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Lockheed PV-1 Ventura
Technical Information

The early success of the Hudson resulted in the development of a more advanced design for the British, to be named the B-34, later redesignated the RB-34 Lexington. These first entered service in October 1942. As aircraft were transferred between the Lend-Lease program, the USAAF, and the U.S. Navy, designations went from B-34 to R-37 to B-37 to PV-3. The Navy received it's first quantities in December 1942 as the PV-1 (Ventura).

RNZAF Venturas
The RNZAF operated 139 aircraft of this type - 82 PV-1 (NZ4501-82, NZ4606-39) and 57 B-34 (NZ4583-4605), although all were known as Venturas. The first aircraft arrived in 1943 as Hudson replacements. Eventually the aircraft were operated by No.s 1, 2, 3, 4, 8, & 9 BR Squadrons and No.1 (B) OTU. The bomber force was being wound down at the end of the war and at that time only three squadrons were operational. After WWII, No.2 Squadron operated 12 Venturas from Ohakea until June 1946 when they were withdrawn, to be replaced by the Hudson again.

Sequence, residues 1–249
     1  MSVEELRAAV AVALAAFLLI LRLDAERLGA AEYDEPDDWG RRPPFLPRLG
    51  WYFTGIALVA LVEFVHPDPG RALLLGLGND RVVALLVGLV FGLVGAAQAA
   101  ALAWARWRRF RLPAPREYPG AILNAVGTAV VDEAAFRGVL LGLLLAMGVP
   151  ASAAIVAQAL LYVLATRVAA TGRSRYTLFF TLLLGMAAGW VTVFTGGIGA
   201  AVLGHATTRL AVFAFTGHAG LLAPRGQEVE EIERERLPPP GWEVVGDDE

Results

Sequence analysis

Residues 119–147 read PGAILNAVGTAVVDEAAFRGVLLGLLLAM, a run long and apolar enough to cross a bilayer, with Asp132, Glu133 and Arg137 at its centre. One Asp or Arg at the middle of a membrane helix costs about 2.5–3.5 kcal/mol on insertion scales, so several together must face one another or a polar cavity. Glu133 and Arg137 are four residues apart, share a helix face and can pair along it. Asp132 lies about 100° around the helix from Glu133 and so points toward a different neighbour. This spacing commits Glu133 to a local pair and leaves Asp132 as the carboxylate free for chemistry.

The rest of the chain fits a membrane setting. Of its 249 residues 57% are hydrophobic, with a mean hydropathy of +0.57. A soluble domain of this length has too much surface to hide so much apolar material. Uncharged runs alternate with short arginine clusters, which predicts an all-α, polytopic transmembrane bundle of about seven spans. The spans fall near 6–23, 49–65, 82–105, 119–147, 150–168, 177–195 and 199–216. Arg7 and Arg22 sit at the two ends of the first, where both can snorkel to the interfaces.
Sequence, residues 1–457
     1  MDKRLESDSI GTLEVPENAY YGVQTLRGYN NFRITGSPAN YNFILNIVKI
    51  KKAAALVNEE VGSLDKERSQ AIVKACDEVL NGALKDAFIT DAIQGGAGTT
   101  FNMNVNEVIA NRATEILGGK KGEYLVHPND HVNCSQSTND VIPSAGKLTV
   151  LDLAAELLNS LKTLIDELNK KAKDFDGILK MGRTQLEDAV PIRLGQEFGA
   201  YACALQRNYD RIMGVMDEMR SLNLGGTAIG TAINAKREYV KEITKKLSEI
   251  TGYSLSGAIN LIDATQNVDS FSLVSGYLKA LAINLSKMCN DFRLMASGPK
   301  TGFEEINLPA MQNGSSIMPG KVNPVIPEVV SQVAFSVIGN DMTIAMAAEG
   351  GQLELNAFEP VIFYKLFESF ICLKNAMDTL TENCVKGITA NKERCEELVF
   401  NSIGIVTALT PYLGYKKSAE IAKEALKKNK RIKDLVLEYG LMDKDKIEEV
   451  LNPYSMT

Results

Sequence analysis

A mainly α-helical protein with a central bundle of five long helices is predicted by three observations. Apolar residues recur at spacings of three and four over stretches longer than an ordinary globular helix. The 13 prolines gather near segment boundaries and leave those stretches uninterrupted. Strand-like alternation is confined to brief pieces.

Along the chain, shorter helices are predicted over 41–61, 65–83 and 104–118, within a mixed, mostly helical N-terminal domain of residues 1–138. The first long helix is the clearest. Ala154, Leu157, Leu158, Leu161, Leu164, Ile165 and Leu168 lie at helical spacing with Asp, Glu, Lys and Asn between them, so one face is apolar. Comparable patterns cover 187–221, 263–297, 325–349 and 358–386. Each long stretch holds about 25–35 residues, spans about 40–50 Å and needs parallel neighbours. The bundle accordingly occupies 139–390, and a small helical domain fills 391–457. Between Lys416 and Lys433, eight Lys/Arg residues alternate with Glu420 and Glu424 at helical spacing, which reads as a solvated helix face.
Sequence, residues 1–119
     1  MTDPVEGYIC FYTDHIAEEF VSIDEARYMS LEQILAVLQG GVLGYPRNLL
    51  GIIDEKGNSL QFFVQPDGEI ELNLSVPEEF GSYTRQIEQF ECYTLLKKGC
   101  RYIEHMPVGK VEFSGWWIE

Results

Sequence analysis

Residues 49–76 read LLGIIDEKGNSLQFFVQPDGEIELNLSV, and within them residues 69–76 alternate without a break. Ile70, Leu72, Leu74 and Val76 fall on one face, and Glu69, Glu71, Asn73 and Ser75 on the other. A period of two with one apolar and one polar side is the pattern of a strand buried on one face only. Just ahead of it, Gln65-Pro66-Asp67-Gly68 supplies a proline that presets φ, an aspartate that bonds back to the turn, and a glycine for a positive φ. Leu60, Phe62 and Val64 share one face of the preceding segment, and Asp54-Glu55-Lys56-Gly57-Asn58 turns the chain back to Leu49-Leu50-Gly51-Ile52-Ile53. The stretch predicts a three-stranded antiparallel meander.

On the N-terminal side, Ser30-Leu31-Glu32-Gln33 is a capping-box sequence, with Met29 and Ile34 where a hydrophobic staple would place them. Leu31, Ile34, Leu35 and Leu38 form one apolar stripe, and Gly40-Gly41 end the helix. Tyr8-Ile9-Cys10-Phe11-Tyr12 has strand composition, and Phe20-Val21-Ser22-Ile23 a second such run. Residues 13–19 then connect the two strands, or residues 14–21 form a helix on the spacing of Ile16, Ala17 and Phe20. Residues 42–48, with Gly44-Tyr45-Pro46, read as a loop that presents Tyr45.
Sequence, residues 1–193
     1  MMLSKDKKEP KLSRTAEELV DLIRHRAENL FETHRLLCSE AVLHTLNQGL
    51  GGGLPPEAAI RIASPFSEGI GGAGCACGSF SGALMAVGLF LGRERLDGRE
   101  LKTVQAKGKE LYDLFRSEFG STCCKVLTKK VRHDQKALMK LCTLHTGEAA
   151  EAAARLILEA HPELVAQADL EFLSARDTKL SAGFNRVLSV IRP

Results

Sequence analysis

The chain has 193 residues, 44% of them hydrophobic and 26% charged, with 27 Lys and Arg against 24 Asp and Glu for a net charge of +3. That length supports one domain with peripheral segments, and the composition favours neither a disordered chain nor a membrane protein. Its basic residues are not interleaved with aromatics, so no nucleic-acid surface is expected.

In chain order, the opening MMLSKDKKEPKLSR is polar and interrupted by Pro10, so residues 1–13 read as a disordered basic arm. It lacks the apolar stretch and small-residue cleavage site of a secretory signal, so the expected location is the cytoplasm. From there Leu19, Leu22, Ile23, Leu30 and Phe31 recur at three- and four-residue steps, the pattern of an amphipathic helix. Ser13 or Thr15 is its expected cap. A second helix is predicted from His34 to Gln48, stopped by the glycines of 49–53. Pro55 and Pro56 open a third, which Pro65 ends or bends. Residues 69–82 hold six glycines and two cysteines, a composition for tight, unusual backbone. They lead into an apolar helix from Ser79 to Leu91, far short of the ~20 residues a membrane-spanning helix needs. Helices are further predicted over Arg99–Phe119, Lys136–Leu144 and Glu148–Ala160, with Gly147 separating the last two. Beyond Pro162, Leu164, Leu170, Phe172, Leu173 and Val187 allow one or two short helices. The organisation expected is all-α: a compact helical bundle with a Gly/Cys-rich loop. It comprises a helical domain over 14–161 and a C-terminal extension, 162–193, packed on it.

PV-2 Harpoon
In June 1943 the Navy ordered a new version under the designation PV-2 and with the name Harpoon. This version had the wingspan increased by 9 feet, increased fuel capacity, greater fin and rudder area, and improved armament (five .50 cal forward firing machine guns in the nose, two 50 cal machine guns in both dorsal turret and ventral position, and up to four 1000 lb. bombs internally with two 1000 lb. bombs externally). The PV-2 served primarily in the Pacific theater, and was used until the end of World War II.
Technical Details
Crew  Seven
Engine  2 x Pratt & Whitney R-2800-31 2,000 hp engines
Span  65' 6"
Length  51' 9"
Height  11' 11"
Maximum Speed  164 mph
Range  1,660 miles
Armament  2 x .50 caliber machine guns in nose and dorsal turret 2 x .30 caliber machine guns ventral position
Bombload  up to 2,000 lbs of bombs

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